Japan
Automobile
Manufacturers
Association, Inc.

Issue No. 2, 2010

Progress in reducing CO2 emissions from cars

The European Commission published at the end of January its 2008 report on the monitoring of CO2 emissions from new passenger cars in the European Union. Figures show that despite the onset of the economic crisis, the automotive industry has made significant progress in the reduction of CO2 emissions from this category of vehicles.

JAMA is proud to insert itself in this general trend with a reduction of 5.8 grams in average CO2 emissions. In the year 2008, JAMA reached 154.8 g CO2/km compared to 160.5 g CO2/km in the previous year. Furthermore, compared to other associations, JAMA has the lowest average mass of new passenger cars with a reduction of 20 kg from 1335 kg in 2007 to 1315 kg in 2008.

As part of the overall commitment to combat climate change, the EU has engaged in stabilising its emissions of CO2 at 1990 levels. The proportion of CO2 emissions from the transport sector has been identified as one of the major contributors to global warming and in particular cars are estimated to account for around 20% of total European CO2 emissions.
In order to measure the effectiveness of the CO2 emissions from new passenger cars in the EU, a monitoring scheme was introduced, which foresees that the European Commission will publish such annual reports.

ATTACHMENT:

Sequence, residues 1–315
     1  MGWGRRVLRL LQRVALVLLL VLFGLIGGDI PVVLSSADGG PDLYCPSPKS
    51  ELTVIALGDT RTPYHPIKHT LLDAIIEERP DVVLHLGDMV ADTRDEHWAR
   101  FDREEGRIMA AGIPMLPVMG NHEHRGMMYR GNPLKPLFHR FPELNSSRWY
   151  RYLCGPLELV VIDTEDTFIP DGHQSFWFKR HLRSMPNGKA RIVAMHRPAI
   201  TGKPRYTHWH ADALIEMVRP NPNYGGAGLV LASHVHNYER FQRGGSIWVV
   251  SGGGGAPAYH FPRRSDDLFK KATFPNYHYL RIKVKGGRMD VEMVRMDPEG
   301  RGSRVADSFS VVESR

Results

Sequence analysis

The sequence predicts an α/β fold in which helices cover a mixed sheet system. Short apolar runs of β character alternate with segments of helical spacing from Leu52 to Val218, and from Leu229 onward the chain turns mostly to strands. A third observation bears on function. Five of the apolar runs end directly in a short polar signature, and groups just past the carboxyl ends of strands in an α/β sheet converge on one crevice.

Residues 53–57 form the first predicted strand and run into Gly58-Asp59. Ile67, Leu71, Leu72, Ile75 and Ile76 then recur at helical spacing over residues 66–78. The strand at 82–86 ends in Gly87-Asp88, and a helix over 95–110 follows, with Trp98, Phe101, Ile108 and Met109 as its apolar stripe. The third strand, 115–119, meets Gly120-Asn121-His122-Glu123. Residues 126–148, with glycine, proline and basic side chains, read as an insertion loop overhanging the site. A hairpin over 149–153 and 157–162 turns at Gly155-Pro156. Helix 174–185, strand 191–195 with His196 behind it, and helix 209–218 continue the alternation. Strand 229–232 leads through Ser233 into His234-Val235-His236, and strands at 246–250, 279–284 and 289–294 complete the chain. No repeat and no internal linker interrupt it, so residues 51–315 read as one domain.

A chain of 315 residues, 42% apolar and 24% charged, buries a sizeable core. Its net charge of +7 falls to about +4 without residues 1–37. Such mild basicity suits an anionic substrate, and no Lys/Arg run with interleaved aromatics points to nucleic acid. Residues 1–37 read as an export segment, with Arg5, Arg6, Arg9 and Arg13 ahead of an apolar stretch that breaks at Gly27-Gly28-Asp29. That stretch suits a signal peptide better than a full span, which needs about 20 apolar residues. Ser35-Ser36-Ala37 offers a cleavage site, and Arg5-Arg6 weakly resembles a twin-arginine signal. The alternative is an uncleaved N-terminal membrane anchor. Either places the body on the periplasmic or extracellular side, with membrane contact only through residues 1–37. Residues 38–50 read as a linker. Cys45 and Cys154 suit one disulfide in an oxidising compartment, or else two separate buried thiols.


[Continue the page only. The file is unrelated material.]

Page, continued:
The 2008 report includes for the first time data for all fuels (including alternative fuels), as opposed to the previous analyses, which focused only on petrol and diesel.
In general terms, the average CO2 emissions in the 27 EU Member States reached 153.5 g CO2/km, which is a decrease of 3.3% from 2007. Petrol and diesel power vehicles improved by more than 5 g/km in comparison to 2007. Since the year 2000 alternative fuels vehicles (AFV) have seen an improvement of 34%.

With a significant track record in developing innovative and environmentally-friendly technologies, JAMA is fully committed to further reducing CO2 emissions from cars.
The JAMA members recognise that additional efforts in this direction are needed. Nonetheless, these encompass an integrated approach, combining technology development, investment in infrastructure, intelligent traffic management and incentives for consumers to change to an environmentally-friendly alternative vehicle. In this context, JAMA strongly believes that a permanent dialogue with policy-makers will be key to achieve these goals.